Photographing wildlife in Africa is a unique experience, but what I discovered about photography when I shot with professional wildlife photographer Gerry van der Walt, director of Wild Eye, and his team in Kenya was surprisingly universal. Whether in the bush or in your own backyard, you can use these six tips anywhere, anytime.
1. Ask yourself: What’s the story I want to tell?
One day on safari I asked Gerry the best way to shoot a scene, and he replied, “Why are you picking up your camera?” At first the question stumped me. Wasn’t it obvious? There was a huge leopard in front of the jeep. Gerry smiled and said, “If you think about the actual reason, the story you want to tell, you will be in a much better position to convey this to the people looking at your images.”
Aha! I thought about that for a moment and realized that typically I didn’t have a story in mind when I took a picture. From that point on I did my best to slow down and ask myself what I wanted the images to communicate. Using the leopard as an example, did I want to focus on the beauty of the animal or its fierceness as a predator? Did I want an intimate portrait or to juxtapose him with his environment? Once I started thinking about the story I hoped each photo to tell, it informed how I should take the shot, and I immediately saw an improvement in my images.
2. Remember to turn around
In Africa, the sunsets are so captivating that it’s easy to get caught up shooting every second of the sun’s descent. But whether you’re in Boston or Botswana, if you do, you’re capturing only half of the possibilities. Turn around; look at what that fantastic golden light does to the world behind you — there may be a gem of an image waiting to be captured. This is true for any situation: Don’t miss a great shot because you’re focused only on what’s in front of you.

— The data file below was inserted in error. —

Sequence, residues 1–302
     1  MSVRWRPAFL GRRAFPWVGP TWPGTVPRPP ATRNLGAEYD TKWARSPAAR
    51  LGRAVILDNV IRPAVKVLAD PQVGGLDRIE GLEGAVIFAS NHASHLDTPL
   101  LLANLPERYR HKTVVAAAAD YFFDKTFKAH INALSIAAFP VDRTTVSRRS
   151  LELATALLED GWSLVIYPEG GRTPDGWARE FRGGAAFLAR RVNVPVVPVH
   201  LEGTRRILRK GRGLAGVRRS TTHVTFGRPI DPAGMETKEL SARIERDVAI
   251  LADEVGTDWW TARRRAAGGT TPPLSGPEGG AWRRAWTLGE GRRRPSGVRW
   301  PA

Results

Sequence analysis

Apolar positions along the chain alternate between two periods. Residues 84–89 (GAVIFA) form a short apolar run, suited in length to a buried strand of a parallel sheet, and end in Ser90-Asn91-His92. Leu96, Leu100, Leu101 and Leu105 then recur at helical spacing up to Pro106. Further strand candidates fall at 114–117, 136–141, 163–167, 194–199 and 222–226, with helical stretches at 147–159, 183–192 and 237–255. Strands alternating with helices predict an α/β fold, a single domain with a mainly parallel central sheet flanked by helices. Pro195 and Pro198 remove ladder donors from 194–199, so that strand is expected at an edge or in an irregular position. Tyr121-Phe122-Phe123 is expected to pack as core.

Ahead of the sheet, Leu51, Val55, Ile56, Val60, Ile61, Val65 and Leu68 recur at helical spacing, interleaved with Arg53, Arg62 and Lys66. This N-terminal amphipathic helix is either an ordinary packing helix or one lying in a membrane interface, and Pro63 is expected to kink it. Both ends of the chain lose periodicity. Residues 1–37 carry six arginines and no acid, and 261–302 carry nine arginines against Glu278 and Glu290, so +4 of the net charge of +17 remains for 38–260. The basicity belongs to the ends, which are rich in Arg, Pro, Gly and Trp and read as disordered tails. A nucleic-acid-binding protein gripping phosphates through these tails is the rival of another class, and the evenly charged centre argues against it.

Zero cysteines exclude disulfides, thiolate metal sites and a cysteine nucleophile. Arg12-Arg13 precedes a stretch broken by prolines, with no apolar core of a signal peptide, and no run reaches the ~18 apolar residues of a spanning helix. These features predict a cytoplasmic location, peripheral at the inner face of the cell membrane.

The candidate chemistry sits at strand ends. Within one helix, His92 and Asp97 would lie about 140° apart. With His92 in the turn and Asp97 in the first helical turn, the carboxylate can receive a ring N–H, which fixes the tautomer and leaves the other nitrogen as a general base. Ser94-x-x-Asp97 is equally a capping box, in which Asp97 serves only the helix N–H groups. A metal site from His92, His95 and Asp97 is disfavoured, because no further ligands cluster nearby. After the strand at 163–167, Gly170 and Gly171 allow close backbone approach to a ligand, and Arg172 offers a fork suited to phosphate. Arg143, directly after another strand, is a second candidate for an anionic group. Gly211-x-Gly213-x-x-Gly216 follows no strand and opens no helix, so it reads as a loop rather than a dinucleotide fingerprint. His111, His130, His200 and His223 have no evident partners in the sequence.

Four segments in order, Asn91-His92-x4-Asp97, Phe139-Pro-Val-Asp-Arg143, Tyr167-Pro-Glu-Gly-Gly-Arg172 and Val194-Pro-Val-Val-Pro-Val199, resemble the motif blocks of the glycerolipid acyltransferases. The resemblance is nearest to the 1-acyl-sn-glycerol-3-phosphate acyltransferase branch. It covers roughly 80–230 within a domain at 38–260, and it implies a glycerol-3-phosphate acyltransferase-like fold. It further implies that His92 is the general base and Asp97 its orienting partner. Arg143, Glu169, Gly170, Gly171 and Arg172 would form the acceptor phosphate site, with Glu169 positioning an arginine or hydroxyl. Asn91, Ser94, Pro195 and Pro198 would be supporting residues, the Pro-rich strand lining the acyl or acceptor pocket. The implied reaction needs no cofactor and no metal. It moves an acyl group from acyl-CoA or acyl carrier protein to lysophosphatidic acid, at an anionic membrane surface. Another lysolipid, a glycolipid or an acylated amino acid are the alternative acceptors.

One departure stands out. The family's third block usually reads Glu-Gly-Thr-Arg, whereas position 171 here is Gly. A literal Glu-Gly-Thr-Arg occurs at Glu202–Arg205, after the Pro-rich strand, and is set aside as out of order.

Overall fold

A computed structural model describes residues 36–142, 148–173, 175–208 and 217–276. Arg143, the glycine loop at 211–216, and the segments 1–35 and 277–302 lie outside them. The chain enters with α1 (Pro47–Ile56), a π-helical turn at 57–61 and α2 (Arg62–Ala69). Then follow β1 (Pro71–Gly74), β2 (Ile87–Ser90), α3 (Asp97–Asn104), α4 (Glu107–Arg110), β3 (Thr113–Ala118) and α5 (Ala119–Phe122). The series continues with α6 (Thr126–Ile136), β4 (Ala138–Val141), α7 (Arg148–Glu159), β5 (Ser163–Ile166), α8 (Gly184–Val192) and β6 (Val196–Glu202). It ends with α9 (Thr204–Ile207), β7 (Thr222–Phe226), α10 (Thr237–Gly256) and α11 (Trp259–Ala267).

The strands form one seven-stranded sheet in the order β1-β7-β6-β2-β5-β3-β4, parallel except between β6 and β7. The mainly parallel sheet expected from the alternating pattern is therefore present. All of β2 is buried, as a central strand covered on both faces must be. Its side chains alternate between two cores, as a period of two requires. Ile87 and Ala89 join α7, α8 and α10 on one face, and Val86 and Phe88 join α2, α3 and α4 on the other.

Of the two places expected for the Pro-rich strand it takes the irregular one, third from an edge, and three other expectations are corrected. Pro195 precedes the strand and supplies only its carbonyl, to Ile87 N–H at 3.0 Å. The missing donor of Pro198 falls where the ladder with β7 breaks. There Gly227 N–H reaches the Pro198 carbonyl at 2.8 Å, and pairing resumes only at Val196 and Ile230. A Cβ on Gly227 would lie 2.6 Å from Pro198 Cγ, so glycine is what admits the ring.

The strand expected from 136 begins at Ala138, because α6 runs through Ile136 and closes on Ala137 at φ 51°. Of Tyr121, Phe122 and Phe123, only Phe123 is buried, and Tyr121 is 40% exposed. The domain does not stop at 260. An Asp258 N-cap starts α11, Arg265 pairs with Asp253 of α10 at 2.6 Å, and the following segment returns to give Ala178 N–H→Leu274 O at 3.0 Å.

3. When shooting action, keep the frame wide
This is something I constantly have to remind myself. I love the look of a fabulous close-up, but unless you make the frame wide enough for an active subject, you’re likely to chop off something important and ruin the shot. I learned this lesson the hard way watching an adorable cub and its mother interact one morning. I zoomed in too close and got this…
and Gerry got this….
4. Switch up your orientation
People tend to gravitate toward a particular orientation when they shoot. I lean toward the horizontal, or landscape. Unless something is blatantly up and down, such as the Washington Monument, I still have to remind myself to shoot a scene vertically. A photo can take on a whole new expression when you change orientation, and it’s well worth the effort to see which way works best for the story you wish to tell.
5. Have patience
At the beginning of my trip, I was so afraid to miss something that I took a lot of so-so pictures just because an exotic animal was in the frame. But the truth is, whether your subject is a majestic elephant or an adorable pug, awful angles, ugly environments, bad lighting and unwanted obstacles spell trouble. I learned that sometimes it’s better to simply put down the camera and enjoy the moment. Many times the scene will change and the opportunity for a good photo will present itself; if not, move on. No point in shooting something you’ll end up deleting anyway.
6. Number your memory cards
Photographing a cheetah on the run or an active two-year-old child can burn through a ton of memory cards, and keeping them organized can be a job unto itself. Gerry taught me this little trick on while we were setting up our gear: Number your cards, and use them in chronological order. This brilliant frustration-saver enables you to see in a flash which cards are full and those that are empty — avoiding accidental reformatting or dreaded image deletions.
This article was originally featured on Huffington Post Travel.